Saturday, January 23, 2010

Interstate commerce in action!

"Democrats say that failing to buy insurance is a form of economic activity, because it shifts costs to others in the marketplace through higher insurance premiums, and onto the public when the uninsured use emergency rooms to obtain primary care."
--Wall Street Journal (regarding constitutionality of proposed health care bill)

[T]hat the interstate commerce clause of the Constitution is routinely interpreted to mean that the government can do anything whatsoever is hardly news. [The Supreme Court has declared that] Growing grain on your own land for your own use was part of "interstate commerce" in Wickard v. Filburn because growing grain instead of buying it from somebody else affects the overall market price of grain.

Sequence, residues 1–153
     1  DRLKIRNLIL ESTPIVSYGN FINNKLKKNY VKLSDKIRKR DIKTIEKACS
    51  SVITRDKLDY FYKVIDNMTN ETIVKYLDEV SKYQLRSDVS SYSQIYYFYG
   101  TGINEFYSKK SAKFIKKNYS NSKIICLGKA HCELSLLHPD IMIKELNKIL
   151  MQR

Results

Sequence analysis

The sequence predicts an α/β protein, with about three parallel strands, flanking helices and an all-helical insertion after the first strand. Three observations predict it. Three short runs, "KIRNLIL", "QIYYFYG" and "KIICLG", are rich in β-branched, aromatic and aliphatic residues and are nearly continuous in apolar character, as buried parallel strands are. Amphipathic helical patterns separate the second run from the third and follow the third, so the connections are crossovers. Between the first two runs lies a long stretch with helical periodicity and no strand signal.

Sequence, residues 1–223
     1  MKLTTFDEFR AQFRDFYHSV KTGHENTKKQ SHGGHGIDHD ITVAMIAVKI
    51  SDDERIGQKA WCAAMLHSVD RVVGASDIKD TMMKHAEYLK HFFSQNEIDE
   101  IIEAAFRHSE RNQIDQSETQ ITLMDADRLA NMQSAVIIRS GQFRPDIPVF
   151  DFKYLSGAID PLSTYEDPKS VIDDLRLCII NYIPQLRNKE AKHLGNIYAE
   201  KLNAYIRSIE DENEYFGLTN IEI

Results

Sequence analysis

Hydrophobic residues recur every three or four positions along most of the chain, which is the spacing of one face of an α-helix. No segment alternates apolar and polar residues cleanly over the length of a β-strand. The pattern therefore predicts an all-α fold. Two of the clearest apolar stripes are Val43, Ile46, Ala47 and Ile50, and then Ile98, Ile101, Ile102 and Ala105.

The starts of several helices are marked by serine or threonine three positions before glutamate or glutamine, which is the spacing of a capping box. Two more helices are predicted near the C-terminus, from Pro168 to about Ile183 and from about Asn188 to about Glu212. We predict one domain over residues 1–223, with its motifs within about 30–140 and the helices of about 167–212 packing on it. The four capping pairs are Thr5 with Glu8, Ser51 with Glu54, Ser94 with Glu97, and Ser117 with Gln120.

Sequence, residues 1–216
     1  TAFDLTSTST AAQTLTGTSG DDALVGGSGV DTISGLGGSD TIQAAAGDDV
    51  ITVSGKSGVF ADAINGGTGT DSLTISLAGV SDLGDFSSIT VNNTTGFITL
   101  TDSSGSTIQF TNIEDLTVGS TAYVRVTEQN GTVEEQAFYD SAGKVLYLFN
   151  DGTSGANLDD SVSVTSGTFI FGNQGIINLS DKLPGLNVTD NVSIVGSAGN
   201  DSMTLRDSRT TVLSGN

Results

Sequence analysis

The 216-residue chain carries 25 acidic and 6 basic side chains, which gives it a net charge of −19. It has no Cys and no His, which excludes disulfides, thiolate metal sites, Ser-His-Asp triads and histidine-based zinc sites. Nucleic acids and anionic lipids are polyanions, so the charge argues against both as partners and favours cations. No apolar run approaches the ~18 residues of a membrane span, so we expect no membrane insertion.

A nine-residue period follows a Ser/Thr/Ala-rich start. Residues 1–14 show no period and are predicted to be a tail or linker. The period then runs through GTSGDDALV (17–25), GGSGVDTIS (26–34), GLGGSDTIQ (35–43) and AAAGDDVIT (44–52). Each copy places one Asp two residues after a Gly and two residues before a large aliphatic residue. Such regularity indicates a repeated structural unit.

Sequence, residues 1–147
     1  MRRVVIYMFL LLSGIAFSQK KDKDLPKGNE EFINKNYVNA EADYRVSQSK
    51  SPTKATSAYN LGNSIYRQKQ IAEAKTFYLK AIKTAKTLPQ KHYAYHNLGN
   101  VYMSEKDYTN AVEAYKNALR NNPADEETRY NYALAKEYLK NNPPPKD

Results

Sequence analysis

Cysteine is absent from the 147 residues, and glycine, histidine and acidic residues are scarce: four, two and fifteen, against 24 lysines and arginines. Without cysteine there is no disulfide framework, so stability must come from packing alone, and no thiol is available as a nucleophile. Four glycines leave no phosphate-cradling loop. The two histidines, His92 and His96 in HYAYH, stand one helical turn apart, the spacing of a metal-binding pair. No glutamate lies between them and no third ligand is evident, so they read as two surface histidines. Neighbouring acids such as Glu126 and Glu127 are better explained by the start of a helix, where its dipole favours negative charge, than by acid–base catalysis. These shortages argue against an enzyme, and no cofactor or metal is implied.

By the time we reached that point, the idea that America had a limited government restricted by law to particular functions enumerated in a written constitution became a bad joke.

Despite that, I still find this remarkable for how brazen and explicit this is: Merely existing is now interstate commerce.
--John Markley

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